At Lindell Farms, we placed 10 traps on wooden stakes every 50 feet, adjacent to and just below the height of the insectary plants. In the adjacent vegetable crops, 20 traps were stapled onto wooden stakes below the level of the crop at distances of 20 feet and 250 feet from the insectary plants. In the adjacent orchard, 20 traps were placed 6 feet high in individual trees at 50-foot intervals, from 20 feet to 250 feet away from the hedgerow. Traps were changed every 2 weeks from June to August. We collected Hyposoter wasps using a handheld aspirator, as we did not find them on sticky traps.
At the almond orchard site, we placed 36 traps 6 feet high in individual trees (24 ft by 24 ft spacing) at 1, 3 and 5 tree rows from the insectary mix strips. Traps were changed every 2 weeks from May until July.
We removed the beneficial insects from the traps, then identified and analyzed them for Rb content. Similar beneficial insect species were collected from „control“ fields, located more than 2 miles away from treated hedgerows, to determine the naturally occurring background Rb content. Trichogramma controls were obtained from a laboratory colony. These data provided the criteria for deciding if an individual beneficial insect captured within the insectary plantings and associated crops was labeled (table 4).
Insects were chemically digested and analyzed for Rb content using standard methodologies (Berry et al. 1972). Insects were considered labeled if their Rb concentration was more than three standard deviations greater than the control means. In this way, the probability of incorrectly identifying an insect as labeled with Rb is very low (less than 1%).
Hedgerow Farms. In the California lilac, 67% (sample size of n = 15) of the green lacewings, and 40% (n = 10) of the lady beetles were labeled with Rb, following injections with RbC1. In the adjacent wheat, 2% of the green lacewings were labeled at 50 feet and 2% were labeled at 450 feet (n = 47). We did not find any labeled lady beetles in the adjacent wheat.
Lindell Farms. RbC1 sprays in the insectary hedgerow also resulted in marking of beneficial insects (fig. 1. In the insectary plantings, 61% of the green lacewings were labeled, plus 20% of the Trichogramma, and 55% of the lady beetles. We did not find any labeled Hyposoter wasps in the insectary plantings, even though these wasps are known to feed on nectar of flowering plants. We suspect that these wasps were visiting the plants in a manner that escaped our detection, possibly due to the time of day or their foraging behavior.
In the adjacent vegetables (fig. 1), 24% of the green lacewings were labeled 20 feet from the hedgerow, but none were labeled at 250 feet. For lady beetles, 27% were labeled at 20 feet and 23% were labeled at 250 feet from the hedgerow. For Hyposoter wasps, 17% were labeled at 20 feet and 47% were labeled at 250 feet from the hedgerow. None of the Trichogramma were labeled in the nearby crops.
In the adjacent orchard, 10% of the green lacewings were labeled at 20 feet (n = 31) and 33% (n = 3) were labeled at 150 feet from the hedgerow. No labeled green lacewings were found in the trees at any other distances (n ? 3 for all these samples). Ten percent of the lady beetles (n = 10) and 2.5% (n = 40) of the Trichogramma were labeled at 20 feet from the hedgerow.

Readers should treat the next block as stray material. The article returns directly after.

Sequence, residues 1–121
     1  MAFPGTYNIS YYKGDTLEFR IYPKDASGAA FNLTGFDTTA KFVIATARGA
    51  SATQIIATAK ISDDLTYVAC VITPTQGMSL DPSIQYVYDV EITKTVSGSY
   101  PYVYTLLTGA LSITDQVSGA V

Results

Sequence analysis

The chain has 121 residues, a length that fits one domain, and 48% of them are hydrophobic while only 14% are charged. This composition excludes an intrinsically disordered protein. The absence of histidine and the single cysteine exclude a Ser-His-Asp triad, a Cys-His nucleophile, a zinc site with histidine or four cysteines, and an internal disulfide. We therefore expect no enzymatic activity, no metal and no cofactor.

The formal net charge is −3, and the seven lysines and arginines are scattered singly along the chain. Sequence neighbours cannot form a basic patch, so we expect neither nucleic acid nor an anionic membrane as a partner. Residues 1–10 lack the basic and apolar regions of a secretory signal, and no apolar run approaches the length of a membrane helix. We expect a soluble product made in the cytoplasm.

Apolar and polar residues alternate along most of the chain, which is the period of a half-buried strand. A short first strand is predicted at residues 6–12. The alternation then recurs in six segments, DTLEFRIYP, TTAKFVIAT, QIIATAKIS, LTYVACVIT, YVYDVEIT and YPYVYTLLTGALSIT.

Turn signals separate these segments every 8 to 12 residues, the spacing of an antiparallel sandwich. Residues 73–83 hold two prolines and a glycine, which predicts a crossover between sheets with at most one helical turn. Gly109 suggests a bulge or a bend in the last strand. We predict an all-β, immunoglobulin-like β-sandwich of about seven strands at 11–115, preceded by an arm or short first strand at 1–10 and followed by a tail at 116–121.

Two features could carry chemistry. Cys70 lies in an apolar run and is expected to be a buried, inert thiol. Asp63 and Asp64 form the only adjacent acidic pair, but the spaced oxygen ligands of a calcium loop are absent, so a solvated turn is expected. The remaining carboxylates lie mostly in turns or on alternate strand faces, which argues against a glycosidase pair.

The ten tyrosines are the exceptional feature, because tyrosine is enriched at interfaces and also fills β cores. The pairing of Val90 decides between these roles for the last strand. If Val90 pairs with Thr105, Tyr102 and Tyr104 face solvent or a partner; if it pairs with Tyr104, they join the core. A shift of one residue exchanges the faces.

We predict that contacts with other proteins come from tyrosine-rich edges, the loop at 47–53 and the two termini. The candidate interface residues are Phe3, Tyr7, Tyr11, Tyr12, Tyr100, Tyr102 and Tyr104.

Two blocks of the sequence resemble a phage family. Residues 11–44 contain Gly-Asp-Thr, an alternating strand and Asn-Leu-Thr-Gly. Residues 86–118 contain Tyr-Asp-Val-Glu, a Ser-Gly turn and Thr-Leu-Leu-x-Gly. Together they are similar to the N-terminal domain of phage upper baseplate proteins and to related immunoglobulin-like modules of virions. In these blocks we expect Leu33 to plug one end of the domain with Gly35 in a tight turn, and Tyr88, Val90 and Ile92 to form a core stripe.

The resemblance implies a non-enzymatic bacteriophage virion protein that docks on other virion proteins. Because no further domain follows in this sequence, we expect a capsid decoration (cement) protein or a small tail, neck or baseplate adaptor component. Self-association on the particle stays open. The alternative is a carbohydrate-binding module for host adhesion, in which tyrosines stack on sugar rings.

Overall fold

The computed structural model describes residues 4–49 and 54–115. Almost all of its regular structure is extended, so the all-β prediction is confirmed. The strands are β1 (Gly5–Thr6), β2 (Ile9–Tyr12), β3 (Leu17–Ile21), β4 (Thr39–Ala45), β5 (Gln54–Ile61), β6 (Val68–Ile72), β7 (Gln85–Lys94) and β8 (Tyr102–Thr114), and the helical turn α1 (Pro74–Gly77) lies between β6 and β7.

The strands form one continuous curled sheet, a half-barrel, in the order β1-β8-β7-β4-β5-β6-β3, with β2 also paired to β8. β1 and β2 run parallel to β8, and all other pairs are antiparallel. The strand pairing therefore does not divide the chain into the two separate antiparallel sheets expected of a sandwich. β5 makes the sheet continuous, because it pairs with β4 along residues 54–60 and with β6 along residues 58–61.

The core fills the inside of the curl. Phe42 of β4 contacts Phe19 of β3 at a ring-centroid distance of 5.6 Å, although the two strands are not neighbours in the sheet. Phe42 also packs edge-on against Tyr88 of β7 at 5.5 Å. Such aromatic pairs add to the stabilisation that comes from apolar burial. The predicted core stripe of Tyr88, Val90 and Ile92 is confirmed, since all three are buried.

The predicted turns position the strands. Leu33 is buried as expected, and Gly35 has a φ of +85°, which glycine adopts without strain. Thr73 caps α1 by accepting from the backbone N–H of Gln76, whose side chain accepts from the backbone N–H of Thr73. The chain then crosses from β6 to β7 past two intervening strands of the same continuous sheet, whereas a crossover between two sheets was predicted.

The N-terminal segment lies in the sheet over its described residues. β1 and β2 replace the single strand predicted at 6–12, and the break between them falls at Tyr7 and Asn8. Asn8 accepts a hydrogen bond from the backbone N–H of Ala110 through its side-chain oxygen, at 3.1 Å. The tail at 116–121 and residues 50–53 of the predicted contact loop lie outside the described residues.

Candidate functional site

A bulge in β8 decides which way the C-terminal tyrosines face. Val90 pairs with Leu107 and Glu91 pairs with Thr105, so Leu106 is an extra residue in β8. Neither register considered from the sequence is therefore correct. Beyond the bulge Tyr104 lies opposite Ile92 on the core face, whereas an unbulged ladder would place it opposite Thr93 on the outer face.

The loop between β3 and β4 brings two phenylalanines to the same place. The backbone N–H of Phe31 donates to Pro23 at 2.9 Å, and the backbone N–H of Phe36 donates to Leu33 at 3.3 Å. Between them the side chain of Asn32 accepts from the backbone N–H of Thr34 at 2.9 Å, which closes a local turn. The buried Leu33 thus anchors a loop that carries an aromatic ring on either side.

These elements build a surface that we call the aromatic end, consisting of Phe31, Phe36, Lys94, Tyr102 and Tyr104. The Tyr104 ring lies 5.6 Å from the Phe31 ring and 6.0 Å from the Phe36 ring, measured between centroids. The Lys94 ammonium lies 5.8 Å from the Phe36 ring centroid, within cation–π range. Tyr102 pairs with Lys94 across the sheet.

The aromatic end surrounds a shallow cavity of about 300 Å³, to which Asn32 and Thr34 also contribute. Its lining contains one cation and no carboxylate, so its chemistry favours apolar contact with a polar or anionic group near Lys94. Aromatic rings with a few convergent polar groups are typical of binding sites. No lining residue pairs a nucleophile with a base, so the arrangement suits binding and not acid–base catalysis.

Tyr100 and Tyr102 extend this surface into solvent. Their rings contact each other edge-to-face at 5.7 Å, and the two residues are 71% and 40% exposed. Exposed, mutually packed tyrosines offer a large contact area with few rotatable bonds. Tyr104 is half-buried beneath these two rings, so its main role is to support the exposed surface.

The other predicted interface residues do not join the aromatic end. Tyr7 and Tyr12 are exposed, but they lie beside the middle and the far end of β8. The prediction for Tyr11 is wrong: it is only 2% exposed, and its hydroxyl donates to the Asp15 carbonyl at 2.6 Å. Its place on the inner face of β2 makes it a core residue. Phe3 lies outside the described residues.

Almond orchard site. RbC1 marking of the annual insectary mix also showed labeling of beneficial insects (fig. 2). In the trees, 27% of the green lacewings were labeled adjacent to the insectary mix, but none were labeled further away. For brown lacewings, 39% were labeled next to the insectary mix, 28% were labeled at 50 feet and 17% were labeled at 100 feet. For syrphid flies, 81% were labeled adjacent to the insectary mix, 74% were labeled at 50 feet, and 70% were labeled at 100 feet. For Macrocentrus wasps, 8.1% were labeled next to the insectary mix, 4.3% were labeled at 50 feet, and 4.5% were labeled at 100 feet.
Although the percentage of labeled beneficial insects was low in some samples, these data probably underestimate the numbers of beneficial insects that are using the insectary plants. Our laboratory studies showed that green lacewings need to feed on Rb-marked floral resources for up to 24 hours to acquire detectable levels of Rb. If beneficial insects are feeding on both marked and unmarked plants in the field, the impact of the Rb label will likely be diluted. For example, at Hedgerow Farms, where we had low levels of labeling, there is an abundance of floral resources other than our Rb-marked California lilac for beneficial insects to feed on. In addition, our laboratory studies showed that green lacewings excrete the label within 24 hours.
TABLE 2. Winter annual insectary plants at the almond orchard
TABLE 3. Dominant beneficial insects collected and analyzed for rubidium content at our study sites
TABLE 4. Highest rubidium level found in beneficial insects in crops versus naturally occurring background levels (controls)
Hedgerow of insectary shrubs and native grasses, Yolo County.
Scientists found that 70% of the syrphid flies in almond trees were marked with rubidium 100 feet away from the insectary planting.
Fig. 1. Percent Rb-labeled beneficial insects in the insectary hedgerow (0 ft) and in the adjacent vegetable crop at 20 ft and 250 ft (n = total number of insects captured).
Fig. 2. Percent Rb-labeled beneficial insects trapped in the almond trees at 0, 50 and 100 ft from the Rb-labeled insectary cover crop mix (n = total number of insects captured).
The results of this study demonstrate that beneficial insects feed on nectar or pollen provided by insectary plants, and that they move into associated crops. Because many Rb-labeled individuals were trapped 250 feet from the insectary plants, our data suggest strips or borders of flowering plants may help beneficial insects — even at long distances. The survival of many beneficial insect species depends on nectar or pollen so adding insectary plantings to the agricultural landscape may enlarge their populations and increase their activity in crops.
This research was supported by the California Tomato Research Institute and the U.S. Environmental Protection Agency.